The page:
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 Lead Law Threatens ATV, Motorcycle Industries

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Joined : 2008-01-15
Posts : 10981
Age : 54
Location : Knoxville, TN

PostSubject: Lead Law Threatens ATV, Motorcycle Industries   Fri May 08, 2009 12:56 pm

By: Robert Janis

Lead Law Threatens ATV, Motorcycle Industries

Some times, with the best of intentions, the Congress writes a bad law. A perfect example of this is the Consumer Product Safety Improvement Act. Passed in 2008, the act was in response to children getting sick or dying as a result of interacting with toys that have lead.

The law addressed the problem but then went beyond the boundaries it needed to set and now the ATV and motorcycle industry is suffering through some terrible consequences. In short, the law has made it illegal to sell youth model ATVs and motorcycles because of the lead content in those products.

“The law sets very strict limits on the amount of lead in children’s products,” explained Paul Vitrano, general counsel of the Motorcycle Industry Council (MIC) and executive vice president and general counsel of Specialty Vehicle Institute of America (SVIA). “In the law, children’s products are defined as any product that is primarily intended for anyone who is 12 years-old or younger. As a result, it includes youth model ATVs and motorcycles as well as parts and accessories for those vehicles. Because of this provision in the law, youth ATVs and motorcycles cannot be sold because they contain lead in excess of the limits.”

Vitrano pointed out that parts for ATVs and motorcycles are made of steel, aluminum, and copper alloys and these metals contain small amounts of lead for which there are no good substitutes. The lead enhances the machine ability of the metals, prevents corrosion and enhances the durability of the components used in ATVs and motorcycles.

And Vitrano added that parts and accessories for ATVs and motorcycles are manufactured worldwide of recycled products that contain lead. “And it is difficult if not impossible to control the level of lead that appears in recycled materials salvaged from scrap,” said Vitrano.

So, ATV and motorcycle dealers are not supposed to sell youth model vehicles, but because of this, ATV and motorcycle models meant to be used by adults are now being bought and used by children. “Kids are getting adult ATVs, and we are very concerned about this,” said Vitrano. “It is one of our main arguments that ATVs and motorcycles should be exempt from the law. The law trades a theoretic lead risk for a real risk of kids riding adult size ATVs and motorcycles which everyone agrees is a threat to kids’ safety.”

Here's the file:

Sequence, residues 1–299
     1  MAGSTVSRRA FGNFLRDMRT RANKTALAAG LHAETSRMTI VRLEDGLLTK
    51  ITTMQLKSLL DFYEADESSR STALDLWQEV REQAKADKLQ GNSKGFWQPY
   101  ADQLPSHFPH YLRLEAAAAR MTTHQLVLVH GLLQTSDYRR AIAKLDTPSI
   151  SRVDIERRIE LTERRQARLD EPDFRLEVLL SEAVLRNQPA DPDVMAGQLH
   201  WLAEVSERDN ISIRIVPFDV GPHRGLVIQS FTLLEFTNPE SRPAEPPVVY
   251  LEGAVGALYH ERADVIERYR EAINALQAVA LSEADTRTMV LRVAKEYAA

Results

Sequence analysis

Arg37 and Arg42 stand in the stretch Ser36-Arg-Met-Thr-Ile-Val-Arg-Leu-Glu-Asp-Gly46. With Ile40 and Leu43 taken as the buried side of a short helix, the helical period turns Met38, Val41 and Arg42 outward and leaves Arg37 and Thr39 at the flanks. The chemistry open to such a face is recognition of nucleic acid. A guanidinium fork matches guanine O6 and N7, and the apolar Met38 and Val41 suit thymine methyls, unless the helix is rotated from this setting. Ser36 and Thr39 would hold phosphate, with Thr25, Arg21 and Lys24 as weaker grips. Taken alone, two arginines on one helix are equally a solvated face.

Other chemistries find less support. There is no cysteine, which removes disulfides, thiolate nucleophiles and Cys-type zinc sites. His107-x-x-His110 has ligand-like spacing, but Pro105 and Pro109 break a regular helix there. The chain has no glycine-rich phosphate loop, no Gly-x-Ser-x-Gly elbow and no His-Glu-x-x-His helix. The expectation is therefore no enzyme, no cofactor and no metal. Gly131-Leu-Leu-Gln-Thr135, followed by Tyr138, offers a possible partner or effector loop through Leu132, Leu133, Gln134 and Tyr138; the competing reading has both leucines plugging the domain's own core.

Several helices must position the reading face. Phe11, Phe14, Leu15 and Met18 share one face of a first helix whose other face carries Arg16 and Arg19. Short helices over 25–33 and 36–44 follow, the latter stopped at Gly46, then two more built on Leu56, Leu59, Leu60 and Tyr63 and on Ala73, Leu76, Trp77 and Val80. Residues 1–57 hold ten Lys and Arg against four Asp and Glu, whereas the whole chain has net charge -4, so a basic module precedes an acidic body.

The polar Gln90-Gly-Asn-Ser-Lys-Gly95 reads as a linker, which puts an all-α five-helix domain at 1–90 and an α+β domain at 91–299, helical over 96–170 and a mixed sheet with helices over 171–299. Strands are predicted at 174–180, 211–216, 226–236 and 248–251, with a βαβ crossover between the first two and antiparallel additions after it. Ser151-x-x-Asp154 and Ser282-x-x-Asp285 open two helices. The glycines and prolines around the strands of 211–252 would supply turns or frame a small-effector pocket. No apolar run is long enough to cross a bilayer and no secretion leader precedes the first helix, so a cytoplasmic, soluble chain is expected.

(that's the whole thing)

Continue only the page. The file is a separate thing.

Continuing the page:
The law allows the Consumer Products Safety Commission (CPSC) to make exemptions but the independent agency interprets the law very strictly and says that its “hands are tied” as far as exempting ATVs and motorcycles. “We submitted to CPSC toxicology reports and other scientific evidence that demonstrate that the hand-to-mouth contact with ATV and motorcycle metal parts pose no risk to kids ,but CPSC has refused to give us an exemption,” said Vitrano.

It is said that ATV and motorcycle dealers now have an estimated $100 million worth of product in inventory that they are not allowed to sell. Also, MIC has projected that the annual lost economic value in the retail marketplace because these units are banned could be as much as $1 billion. “That includes unit sales, parts sales and servicing, accessories sales, dealer payroll, and more,” said Vitrano.

Must Change the Law
So the only real remedy to the problem is to change the law. “What is necessary is legislation that will exempt ATVs and motorcycles from the lead provisions,” said Vitrano.
Currently, there are two bills in Congress that address the issue--HR 1587 in the House of Representatives and S608 in the Senate. These bills would provide a categorical exemption for ATVs and motorcycles. Another legislative approach would be to change the standards under which exclusion requests are evaluated and give the CPSC the flexibility it needs to exempt these products.

Groups associated with ATVs and motorcycles including the Motorcycle Industry Council, the Specialty Vehicle Institute of America, the American Motorcyclists Association, other user organizations and racing interests are working together to get new legislation.
According to Vitrano, there has been some progress. The House bill now has 36 sponsors and the Senate bill has two. Both bills have been referred to committee. However, the chairmen of the committees have not scheduled hearings, and it is not known when such hearings will take place. “The leadership of the committees is not interested in moving forward until a new chairman of the CPSC has been installed,” said Vitrano.

Raptor 90
So now things are at a standstill and the crisis continues to grow in the ATV and motorcycle industry. Vitrano noted that if there was support from the Congress, the process of getting a new law could take only weeks or months. However, because of the standstill, the legislation is now lingering and could be in that state for a long time.

Call to Action
People involved in ATV and motorcycle recreation, racing, sales, and manufacturing are encouraged to get involved and help lobby Congress to get something done and get it done quickly. A special website has been created that offers all sorts of information and materials as well as news concerning the issue to assist in the lobbying effort. Concerned ATVers and motorcyclists can log on to:

“We encourage everyone to go to to become informed and to use the resources available on the site to get their voices heard,” concluded Vitrano.

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